Penguin Moderns 43 and 44 – more recent Japanese fiction plus a bit of a revelation


When I was casting about recently to see what other Japanese titles I had TBR which could be suitable for the Japanese Literature Challenge, I realised that one of the next two books in my Penguin Moderns series featured an author I’d wanted to read for quite some time – Yuko Tsushima. So it seemed a good idea to dip into these two titles, particularly as they were short and engaging during stressful work times earlier in the month!

Penguin Modern 43 – Of Dogs and Walls by Yuko Tsushima

Tsushima was a renowned author of fiction, essays and criticism whose work has had a recent renaissance in translation, with two full length works appearing in Penguin editions, as well as these stories in the Penguin Modern, all translated by Geraldine Harcourt. Born in 1946, she was the daughter of the sometimes controversial author Osamu Dazai, who committed suicide when she was one year old. The two stories in this collection, “The Watery Realm” and “Of Dogs and Walls” both seem to contain autobiographical elements, which I guess is not surprising…

You’re afraid of the water that stole your husband, but all you can do is consort with it. It’s always around you. As far as you’re concerned, he didn’t die, he turned to water. What happens on land vanishes in water, and the reverse is true, too. Water is your greatest fear…

“Watery…” is a beautifully written short work which intertwines narratives from a daughter and her mother, and explores their lives, as well as that of the daughter’s brother who suffers from learning difficulties. The narrative is as fluid as the watery images which pervade it, and looks back at the lost father who drowned himself with a lover (as did Dazai) as well as the relationship between mother and daughter and their misunderstandings. The narrative in “Of Dogs…” could almost be a continuation of the first story as again we have a mother, daughter and troubled brother. The story has a more conventional structure and is set at a later date where the characters are looking back to the sister and brother in their younger years, the dogs and houses of the families and the blurring effects of time on memories. In both cases, as I implied, it’s impossible not to read these stories autobiographically.

I’d heard good things about Tsushima’s writing and she certainly lives up to her reputation with these two short works (which I believe aren’t available anywhere else). Evocative, poignant and moving, the stories reveal the complexities of family relationships and explore how easy it is to misunderstand someone close to you. The story of the brother was particularly touching and the dream-like quality of the prose is haunting. A definite winner in the Penguin Modern set, and I shall obviously have to check out her other works in translation.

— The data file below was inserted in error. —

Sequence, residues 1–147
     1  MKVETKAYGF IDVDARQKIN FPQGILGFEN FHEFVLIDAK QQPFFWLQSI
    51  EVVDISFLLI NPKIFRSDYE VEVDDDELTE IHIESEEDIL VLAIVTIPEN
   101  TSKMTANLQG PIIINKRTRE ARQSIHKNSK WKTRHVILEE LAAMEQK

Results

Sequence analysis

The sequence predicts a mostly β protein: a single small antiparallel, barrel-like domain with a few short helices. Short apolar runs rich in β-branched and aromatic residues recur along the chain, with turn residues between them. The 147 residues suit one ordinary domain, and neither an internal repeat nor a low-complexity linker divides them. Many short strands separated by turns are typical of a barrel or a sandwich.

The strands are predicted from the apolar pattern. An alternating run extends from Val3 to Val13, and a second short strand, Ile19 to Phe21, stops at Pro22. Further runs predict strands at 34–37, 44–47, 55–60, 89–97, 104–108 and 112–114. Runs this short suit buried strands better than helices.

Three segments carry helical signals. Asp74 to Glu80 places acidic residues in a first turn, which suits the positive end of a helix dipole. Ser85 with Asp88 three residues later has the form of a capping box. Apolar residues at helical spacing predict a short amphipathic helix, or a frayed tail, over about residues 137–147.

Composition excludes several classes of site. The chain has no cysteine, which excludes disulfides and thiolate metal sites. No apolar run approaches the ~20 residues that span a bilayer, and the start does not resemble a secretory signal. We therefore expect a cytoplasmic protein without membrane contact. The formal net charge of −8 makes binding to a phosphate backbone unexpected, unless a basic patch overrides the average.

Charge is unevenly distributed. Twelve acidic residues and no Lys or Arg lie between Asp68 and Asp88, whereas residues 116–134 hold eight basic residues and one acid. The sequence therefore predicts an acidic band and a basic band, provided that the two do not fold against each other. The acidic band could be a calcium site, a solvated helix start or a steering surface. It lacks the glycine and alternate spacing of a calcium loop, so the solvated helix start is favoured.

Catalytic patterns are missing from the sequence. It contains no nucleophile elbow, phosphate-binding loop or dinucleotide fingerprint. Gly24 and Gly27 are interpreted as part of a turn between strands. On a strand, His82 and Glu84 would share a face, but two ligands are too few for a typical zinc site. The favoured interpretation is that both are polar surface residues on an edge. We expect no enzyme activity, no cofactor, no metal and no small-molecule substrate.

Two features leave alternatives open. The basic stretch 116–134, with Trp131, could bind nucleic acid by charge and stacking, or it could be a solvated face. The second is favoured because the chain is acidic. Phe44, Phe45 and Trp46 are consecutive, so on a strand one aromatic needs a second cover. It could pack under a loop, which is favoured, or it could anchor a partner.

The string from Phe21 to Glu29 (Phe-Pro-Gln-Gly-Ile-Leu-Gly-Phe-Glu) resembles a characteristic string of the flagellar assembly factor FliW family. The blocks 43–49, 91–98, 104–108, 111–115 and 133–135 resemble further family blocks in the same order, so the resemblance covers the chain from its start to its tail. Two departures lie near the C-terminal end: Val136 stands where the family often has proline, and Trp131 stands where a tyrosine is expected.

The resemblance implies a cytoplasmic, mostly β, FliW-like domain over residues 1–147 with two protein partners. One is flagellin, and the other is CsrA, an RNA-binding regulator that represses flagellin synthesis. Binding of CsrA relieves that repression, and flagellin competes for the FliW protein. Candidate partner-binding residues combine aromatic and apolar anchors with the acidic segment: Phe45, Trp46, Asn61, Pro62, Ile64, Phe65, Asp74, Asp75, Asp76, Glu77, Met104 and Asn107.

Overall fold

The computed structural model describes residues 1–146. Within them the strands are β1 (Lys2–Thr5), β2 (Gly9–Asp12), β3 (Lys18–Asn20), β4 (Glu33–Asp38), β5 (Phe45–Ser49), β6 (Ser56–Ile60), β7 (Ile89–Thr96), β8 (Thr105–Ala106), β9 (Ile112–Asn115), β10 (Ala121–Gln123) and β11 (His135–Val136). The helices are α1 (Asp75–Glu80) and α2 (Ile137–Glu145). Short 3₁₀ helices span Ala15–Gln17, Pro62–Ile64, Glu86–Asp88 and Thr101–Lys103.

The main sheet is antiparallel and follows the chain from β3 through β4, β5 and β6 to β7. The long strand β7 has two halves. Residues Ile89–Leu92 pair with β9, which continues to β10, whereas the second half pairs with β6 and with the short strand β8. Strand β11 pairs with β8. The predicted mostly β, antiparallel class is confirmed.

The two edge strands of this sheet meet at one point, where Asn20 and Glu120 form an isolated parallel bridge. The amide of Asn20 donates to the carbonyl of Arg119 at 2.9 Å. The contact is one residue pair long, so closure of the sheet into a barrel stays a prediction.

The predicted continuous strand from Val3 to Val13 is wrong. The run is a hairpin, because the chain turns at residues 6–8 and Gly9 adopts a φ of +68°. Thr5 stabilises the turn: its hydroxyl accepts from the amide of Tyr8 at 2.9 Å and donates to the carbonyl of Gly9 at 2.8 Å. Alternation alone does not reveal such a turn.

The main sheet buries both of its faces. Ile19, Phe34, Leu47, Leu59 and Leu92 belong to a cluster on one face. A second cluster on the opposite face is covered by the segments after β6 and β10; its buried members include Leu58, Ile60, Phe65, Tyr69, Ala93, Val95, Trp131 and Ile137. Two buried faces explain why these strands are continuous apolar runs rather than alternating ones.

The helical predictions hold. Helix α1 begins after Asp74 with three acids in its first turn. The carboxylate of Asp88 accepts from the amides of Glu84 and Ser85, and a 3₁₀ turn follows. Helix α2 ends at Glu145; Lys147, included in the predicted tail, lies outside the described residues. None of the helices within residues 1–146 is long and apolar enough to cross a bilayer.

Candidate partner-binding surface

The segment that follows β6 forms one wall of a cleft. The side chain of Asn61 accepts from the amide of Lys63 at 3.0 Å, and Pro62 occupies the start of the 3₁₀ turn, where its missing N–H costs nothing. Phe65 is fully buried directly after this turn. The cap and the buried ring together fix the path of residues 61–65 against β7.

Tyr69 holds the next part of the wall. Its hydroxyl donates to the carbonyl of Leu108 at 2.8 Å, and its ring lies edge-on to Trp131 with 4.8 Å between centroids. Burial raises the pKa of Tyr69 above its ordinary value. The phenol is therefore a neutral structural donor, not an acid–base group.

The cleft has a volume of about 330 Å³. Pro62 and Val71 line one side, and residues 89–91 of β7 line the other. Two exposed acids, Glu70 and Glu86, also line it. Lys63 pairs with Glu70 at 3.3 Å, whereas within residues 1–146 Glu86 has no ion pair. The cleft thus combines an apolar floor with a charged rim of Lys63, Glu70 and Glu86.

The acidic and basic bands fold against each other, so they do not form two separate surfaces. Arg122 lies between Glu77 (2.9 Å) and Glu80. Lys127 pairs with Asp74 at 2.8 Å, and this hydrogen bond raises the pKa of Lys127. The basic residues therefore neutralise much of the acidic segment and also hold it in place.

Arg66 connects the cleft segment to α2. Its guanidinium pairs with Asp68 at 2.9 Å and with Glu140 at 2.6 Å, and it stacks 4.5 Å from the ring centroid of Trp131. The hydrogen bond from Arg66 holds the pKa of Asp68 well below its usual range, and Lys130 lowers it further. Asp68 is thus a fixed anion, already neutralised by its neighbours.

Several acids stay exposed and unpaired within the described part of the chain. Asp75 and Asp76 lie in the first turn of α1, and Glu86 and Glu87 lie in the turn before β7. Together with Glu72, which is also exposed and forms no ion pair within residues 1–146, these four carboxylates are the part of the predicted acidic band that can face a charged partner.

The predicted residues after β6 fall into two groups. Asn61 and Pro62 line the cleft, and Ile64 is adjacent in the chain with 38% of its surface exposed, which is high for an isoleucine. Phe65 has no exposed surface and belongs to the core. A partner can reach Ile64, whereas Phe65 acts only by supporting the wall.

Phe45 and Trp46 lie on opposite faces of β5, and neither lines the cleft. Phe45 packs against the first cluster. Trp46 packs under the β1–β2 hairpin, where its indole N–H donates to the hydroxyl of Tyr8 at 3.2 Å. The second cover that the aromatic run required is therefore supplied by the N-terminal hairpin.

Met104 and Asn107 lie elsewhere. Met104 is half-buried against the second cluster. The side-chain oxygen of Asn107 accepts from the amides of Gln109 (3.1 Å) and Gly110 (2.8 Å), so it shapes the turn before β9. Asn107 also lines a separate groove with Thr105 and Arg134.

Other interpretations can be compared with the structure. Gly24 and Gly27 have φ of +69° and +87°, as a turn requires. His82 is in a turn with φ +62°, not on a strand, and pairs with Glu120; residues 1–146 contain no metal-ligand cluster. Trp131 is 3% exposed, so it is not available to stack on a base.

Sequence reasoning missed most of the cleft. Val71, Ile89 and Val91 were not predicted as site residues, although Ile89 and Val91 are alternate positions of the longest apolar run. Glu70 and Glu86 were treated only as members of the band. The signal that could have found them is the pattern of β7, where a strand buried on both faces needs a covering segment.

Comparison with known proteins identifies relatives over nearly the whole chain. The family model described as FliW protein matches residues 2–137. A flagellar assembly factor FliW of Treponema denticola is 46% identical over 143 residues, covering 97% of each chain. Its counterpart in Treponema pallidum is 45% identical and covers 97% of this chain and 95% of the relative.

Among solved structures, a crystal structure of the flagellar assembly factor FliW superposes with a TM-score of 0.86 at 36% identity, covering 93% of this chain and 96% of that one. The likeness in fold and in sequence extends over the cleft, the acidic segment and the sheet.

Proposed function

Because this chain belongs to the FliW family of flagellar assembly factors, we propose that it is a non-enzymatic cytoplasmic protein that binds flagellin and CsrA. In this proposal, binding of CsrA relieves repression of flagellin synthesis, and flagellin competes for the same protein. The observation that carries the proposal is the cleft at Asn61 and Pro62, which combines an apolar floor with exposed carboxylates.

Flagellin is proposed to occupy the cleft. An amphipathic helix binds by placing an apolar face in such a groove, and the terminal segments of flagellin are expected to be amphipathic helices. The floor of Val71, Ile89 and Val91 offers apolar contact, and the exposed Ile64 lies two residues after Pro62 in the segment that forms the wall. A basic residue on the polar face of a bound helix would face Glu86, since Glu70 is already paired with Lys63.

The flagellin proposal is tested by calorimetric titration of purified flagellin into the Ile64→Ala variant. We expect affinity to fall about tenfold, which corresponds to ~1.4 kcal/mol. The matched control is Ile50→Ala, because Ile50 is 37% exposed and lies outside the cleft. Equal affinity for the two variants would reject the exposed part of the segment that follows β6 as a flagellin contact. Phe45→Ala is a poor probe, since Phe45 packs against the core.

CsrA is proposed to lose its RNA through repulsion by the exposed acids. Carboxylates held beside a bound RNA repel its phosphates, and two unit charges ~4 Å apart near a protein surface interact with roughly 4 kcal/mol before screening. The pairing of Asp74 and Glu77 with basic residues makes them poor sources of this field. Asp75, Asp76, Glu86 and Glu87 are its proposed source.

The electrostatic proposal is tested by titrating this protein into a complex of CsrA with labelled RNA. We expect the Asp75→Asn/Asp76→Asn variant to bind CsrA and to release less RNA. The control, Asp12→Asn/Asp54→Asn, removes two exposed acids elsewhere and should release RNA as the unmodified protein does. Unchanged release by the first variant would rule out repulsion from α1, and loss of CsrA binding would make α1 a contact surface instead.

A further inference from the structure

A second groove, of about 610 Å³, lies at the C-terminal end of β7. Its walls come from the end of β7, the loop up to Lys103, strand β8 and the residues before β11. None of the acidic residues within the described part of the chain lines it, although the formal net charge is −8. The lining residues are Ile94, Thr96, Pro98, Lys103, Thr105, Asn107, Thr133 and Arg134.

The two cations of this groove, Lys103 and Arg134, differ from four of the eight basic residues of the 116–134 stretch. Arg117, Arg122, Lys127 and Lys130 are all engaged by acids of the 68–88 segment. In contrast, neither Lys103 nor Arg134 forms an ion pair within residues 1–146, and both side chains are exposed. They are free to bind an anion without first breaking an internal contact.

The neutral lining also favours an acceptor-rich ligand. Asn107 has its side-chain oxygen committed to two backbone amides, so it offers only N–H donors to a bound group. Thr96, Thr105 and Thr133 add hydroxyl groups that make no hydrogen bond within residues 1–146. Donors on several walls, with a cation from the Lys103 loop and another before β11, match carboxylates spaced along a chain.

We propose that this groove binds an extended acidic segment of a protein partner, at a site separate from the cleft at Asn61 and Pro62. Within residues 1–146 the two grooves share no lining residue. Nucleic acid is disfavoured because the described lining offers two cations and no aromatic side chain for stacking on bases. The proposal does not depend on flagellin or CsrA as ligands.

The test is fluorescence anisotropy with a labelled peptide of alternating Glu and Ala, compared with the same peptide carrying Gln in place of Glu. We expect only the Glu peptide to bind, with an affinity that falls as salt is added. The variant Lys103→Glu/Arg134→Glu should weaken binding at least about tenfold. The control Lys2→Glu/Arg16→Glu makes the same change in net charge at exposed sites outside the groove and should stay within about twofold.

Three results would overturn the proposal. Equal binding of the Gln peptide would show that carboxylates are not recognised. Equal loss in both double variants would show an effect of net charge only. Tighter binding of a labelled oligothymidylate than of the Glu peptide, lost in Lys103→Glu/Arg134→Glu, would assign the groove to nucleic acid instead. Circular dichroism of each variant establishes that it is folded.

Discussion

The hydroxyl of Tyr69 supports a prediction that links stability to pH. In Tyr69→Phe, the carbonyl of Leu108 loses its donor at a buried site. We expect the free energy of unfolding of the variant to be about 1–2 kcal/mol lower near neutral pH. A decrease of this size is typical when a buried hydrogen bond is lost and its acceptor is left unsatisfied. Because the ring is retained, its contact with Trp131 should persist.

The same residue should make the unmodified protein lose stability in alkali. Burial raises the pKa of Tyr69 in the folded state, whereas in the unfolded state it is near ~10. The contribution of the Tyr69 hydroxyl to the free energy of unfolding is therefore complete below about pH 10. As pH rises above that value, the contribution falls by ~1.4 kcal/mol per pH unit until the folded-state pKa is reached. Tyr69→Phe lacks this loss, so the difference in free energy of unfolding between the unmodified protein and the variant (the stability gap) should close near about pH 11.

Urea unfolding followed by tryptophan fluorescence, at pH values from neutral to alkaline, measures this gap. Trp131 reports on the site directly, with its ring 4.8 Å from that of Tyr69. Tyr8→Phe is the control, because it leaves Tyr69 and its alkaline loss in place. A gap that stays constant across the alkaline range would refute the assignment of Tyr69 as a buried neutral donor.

Penguin Modern 44 – Madame du Deffand and the Idiots by Javier Marias

Well, this was something of a surprise! I have only ever tried to read Javier Marias once – well, twice I suppose, as I had two goes at one book and didn’t get on with it so abandoned it. So when I picked this out of the Penguin Moderns set I had no expectations at all. It turns out that “Madame…” is non fiction; five short portrait of famous literary figures, translated by Margaret Jull Costa, and I absolutely loved them!!!

The pieces cover the title lady, Nabokov, Djuna Barnes, Oscar Wilde and Emily Bronte. They’re certainly brief, and each has a small picture heading the essay, but they’re sparkling, witty, slightly cheeky takes on each of the figures – and despite his often irreverent stance, Marias really does seem to have an affection for his subjects and captures them beautifully in wonderfully readable and entertaining prose. The Nabokov portrait was particularly affecting, as was that of Oscar, the latter looking at his life after he left prison – always something which makes me emotional.

This was a wonderful little gem of a Modern, and I enjoyed it so much that I’m sorely tempted to read the whole collection from which they’re drawn. I’m also obviously going to have to rethink my attitude towards Marias, because if I can enjoy his non fictions so much, maybe I *would* like his fictions – I’ll just have to try a different book to the one I failed with twice!


This particular pair of Penguin Moderns were memorable and wonderful, both great introductions to authors whose work I need to explore further. Plus another read for the Japanese Literature Challenge! Has anyone any recommendations of where I should go if I fancy exploring Marias’ work further??

“All the demons of the modern age had been swept away…” #LifeForSale #Mishima #JapaneseLiteratureChallenge


Having spent some time in Japan with Uno Chiyo, I thought it would be nice to continue with my reading for the Japanese Literature Challenge, and as I featured in my start-of-the-year post, I did have a number of options – in particular two titles by the great Yukio Mishima. He’s another long-time favourite of mine, and I was so happy when previously untranslated works by him began to appear in English. I’ve recently read and enjoyed The Frolic of the Beasts and “Star (which appeared as an extra edition no. 51 in the Penguin Moderns set). Another new title, published in English in 2019, and originally in Japan in 1968, is “Life for Sale” and so after an interesting, but not sparkling, experience with Uno Chiyo, I thought the Mishima might be a little livelier. Boy, was I right…